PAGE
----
- Online bridal and baby gift registries.
- A “Tell a Friend” button for to e-mailing the page to others.
- Password-protected personal contact and financial information, with the ability to save your address and those of gift recipients.
- “One-click” completion of your order form.
- A “Wish List” for saving products you might decide to buy later.
- Intuitive customer relationship management (CRM) that remembers your previous purchases, then automatically offers recommendations for similar products.
- Customer product reviews.
If you decide to add a shopping cart to your business site, study Amazon.com for guidance and cues. One of the best: It is low-key, flash-free and doesn’t bombard you with jarring, annoying audio pitches or distracting visual gimmicks.
When to Hire a Pro
Shopping cart/storefront software is very complicated, and most small business owners don’t have the expertise or ability to create their own. We don’t recommend trying it: Too much rests on the outcome.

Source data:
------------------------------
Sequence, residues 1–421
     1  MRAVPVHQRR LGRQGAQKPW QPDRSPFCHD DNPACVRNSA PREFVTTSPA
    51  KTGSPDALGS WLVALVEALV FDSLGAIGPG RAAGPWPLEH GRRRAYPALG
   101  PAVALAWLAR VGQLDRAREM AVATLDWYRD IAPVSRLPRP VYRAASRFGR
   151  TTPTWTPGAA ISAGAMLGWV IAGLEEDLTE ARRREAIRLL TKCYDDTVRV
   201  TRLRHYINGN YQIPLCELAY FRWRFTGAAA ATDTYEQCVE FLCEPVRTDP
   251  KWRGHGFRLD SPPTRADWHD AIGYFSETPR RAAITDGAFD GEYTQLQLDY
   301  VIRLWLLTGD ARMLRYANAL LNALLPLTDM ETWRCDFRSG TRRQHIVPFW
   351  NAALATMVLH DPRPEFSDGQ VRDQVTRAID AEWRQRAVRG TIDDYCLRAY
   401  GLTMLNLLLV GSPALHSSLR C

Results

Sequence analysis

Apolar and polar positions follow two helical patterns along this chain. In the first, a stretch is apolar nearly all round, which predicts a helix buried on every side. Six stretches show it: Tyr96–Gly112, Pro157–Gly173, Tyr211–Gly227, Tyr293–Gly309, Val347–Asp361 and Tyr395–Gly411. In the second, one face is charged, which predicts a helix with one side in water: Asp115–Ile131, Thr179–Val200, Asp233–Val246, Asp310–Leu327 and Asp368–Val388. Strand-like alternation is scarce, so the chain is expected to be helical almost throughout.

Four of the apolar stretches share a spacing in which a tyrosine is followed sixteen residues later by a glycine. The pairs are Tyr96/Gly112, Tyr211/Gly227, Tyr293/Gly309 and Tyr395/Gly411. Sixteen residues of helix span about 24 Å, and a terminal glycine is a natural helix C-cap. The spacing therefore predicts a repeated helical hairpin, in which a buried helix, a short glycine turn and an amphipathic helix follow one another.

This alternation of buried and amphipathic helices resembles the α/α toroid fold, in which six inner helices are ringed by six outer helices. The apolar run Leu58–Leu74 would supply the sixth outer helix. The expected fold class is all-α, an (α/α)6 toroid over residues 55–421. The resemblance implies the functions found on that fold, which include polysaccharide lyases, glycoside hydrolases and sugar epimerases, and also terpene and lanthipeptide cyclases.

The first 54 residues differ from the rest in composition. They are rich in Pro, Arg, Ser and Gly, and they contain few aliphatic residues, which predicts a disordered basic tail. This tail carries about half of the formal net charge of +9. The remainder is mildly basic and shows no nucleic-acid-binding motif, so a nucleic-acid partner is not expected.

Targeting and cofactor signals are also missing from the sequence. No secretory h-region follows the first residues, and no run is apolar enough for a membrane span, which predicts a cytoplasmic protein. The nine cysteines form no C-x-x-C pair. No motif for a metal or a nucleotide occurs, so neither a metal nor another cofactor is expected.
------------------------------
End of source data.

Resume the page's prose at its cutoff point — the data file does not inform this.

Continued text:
If you’re unable to find software with the features you must have, hire a professional to develop your own. He or she should have both the technical skill to make it work reliably, and the design sensibilities to make it look good.
Be sure a design mock-up is part of the deal, so you can test the shopping cart before your customer does. The process, including testing, shouldn’t take more than a month. But don’t rush it. You’ll need some time to catch and fix any bugs that show up (they will) or design elements you don’t like.
And include site management in your deal, at least for the first few critical months. You might have to pay more, but will rest easier knowing your online storefront is in capable hands.